The Good In Sorrow (!?!)

I certainly don’t know all the thoughts and feelings of other Christians as they’ve suffered hard through trial and affliction. But I do know that some Christians have remarked that God blessed them greatly during their suffering. Sometimes when we suffer we experience the comforting presence of God in an unexplicable way. Other times God’s people step up and surround us with tender love when we suffer. David said that it was good for him to be afflicted because then he learned God’s rules (Ps. 119:71). When Paul was weak under affliction, he learned more of God’s strength and grace (2 Cor. 12:9-12).

While God has spared me from many trials and hardships, I know what it’s like to plow through a hard, heartbreaking, and somewhat lengthy affliction. I can say for sure that for Christians, there is some sweetness in suffering. I don’t mean suffering itself is sweet. I mean what Paul said when he explained how suffering was productive (Rom. 5:3-5). In God’s mysterious providence, suffering is not a waste. Here’s one helpful angle on this topic written by a Christian man who lost his daughter, wife, and mother in the same car accident:

[Sorrow] enlarges the soul until the soul is capable of mourning and rejoicing simultaneously, or feeling the world’s pain and hoping for the world’s healing at the same time. However painful, sorrow is good for the soul.

Deep sorrow often has the effect of stripping life of pretense, vanity, and waste. It forces us to ask basic questions about what is most important in life. Suffering can lead to a simpler life, less cluttered with nonessentials. It is wonderfully clarifying. That is why many people who suffer sudden and severe loss often become different people. They spend more time with their children or spouses, express more affection and appreciation to their friends, show more concern for other wounded people, give more time to a worthy cause, or enjoy more of the ordinariness of life.”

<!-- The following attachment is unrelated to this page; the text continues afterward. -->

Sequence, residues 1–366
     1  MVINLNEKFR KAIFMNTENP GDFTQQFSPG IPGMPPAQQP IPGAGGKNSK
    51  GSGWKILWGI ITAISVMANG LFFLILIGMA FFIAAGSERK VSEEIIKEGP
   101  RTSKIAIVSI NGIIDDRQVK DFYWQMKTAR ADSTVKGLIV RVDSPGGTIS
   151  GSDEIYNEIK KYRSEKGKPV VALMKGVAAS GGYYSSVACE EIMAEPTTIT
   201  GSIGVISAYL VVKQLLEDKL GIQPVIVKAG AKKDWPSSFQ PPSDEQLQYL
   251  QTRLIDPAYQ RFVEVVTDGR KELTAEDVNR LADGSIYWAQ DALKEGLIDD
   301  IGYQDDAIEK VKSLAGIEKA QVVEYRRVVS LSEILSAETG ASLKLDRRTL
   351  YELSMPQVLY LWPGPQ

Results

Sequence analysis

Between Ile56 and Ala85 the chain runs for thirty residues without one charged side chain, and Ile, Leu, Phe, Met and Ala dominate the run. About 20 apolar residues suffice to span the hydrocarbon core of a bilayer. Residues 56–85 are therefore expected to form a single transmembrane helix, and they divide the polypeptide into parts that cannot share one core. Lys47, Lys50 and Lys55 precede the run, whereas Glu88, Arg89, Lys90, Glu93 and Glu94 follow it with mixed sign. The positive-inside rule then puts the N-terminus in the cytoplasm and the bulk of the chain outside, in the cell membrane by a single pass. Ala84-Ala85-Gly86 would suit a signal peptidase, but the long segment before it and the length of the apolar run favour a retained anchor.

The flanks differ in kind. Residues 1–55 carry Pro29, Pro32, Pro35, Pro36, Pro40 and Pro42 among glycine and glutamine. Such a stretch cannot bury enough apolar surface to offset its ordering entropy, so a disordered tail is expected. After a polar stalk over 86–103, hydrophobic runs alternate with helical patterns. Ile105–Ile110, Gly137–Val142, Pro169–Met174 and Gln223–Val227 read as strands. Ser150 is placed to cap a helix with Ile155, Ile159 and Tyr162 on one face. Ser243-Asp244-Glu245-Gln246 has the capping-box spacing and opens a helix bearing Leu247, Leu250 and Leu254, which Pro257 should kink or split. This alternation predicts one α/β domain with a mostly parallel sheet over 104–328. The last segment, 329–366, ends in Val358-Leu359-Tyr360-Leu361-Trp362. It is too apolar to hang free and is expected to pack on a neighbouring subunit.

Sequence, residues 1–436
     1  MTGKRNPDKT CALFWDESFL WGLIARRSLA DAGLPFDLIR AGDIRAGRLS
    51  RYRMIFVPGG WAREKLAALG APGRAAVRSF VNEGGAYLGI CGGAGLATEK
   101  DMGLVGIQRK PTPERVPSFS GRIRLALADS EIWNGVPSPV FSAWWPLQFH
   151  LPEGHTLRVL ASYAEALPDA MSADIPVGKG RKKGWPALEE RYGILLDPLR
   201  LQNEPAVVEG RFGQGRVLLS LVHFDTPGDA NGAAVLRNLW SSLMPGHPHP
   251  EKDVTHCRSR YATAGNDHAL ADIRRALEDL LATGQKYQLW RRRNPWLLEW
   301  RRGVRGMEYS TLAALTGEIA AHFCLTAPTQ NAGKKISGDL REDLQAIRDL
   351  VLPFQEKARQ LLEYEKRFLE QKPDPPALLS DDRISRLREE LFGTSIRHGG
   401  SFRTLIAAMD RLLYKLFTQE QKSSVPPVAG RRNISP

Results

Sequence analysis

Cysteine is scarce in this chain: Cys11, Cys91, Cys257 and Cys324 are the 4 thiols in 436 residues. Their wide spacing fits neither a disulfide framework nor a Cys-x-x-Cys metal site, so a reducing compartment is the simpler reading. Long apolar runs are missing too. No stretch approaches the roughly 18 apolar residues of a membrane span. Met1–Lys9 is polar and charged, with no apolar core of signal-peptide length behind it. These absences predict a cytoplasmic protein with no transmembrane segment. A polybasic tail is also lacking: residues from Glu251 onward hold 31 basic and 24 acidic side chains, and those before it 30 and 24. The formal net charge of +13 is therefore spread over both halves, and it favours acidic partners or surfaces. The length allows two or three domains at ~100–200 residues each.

These words were written by Jerry Sittser in his excellent book, A Grace Disguised. It’s a tough book to read because Sittser’s story contains such deep sorrow. But it also explains in a God-centered way how to press on through sorrow and find the sweetness God often provides in and through sorrow.

Shane Lems
Hammond, WI, 54015

None Shall Seek Thy Face in Vain (Cowper)

 I just love the hymns and poems of William Cowper.  In fact, I’d recommend a book of his hymns and poems to use as a short daily devotional.  My wife and I have used this one: William Cowper’s Olney Hymns (Curiosmith, 2009). It’s not expensive but it is a great resource.  Here’s a great hymn I read today that I’d like to share:

LOOKING UPWARDS IN A STORM

God of my life, to thee I call,
Afflicted at thy feet I fall;
When the great water-floods prevail,
Leave not my trembling heart to fail!

Friend of the friendless, and the faint!
Where should I lodge my deep complaint?
Where but with thee, whose open door
Invites the helpless and the poor!

Did ever mourner plead with thee,
And thou refuse that mourner’s plea?
Does not the word still fix’d remain,
That none shall seek thy face in vain?

That were a grief I could not bear,
Didst thou not hear and answer prayer;
But a pray’r-hearing, answ’ring God,
Supports me under ev’ry load.

Fair is the lot that’s cast for me!
I have an advocate with thee;
They whom the world caresses most,
Have no such privilege to boast.

Poor tho’ I am, despis’d, forgot,
Yet God, my God, forgets me not;
And he is safe and must succeed,
For whom the Lord vouchsafes to plead.

-William Cowper-

Shane Lems
Covenant Presbyterian Church (OPC)
Hammond, WI, 54002

The Duty Ours, The Power is God’s (Flavel)


When it comes to the mysterious providence of God and trials that come our way in his providence, we need to submit to his will (even when it’s hard to do!). We need the faith to say, “Lord, you know best; thy will be done.” How can we do that? It’s easier said than done for sure! John Flavel (d. 1691) gave a good answer to the hard question: How can we submit to God’s will when his providence includes our suffering and pain?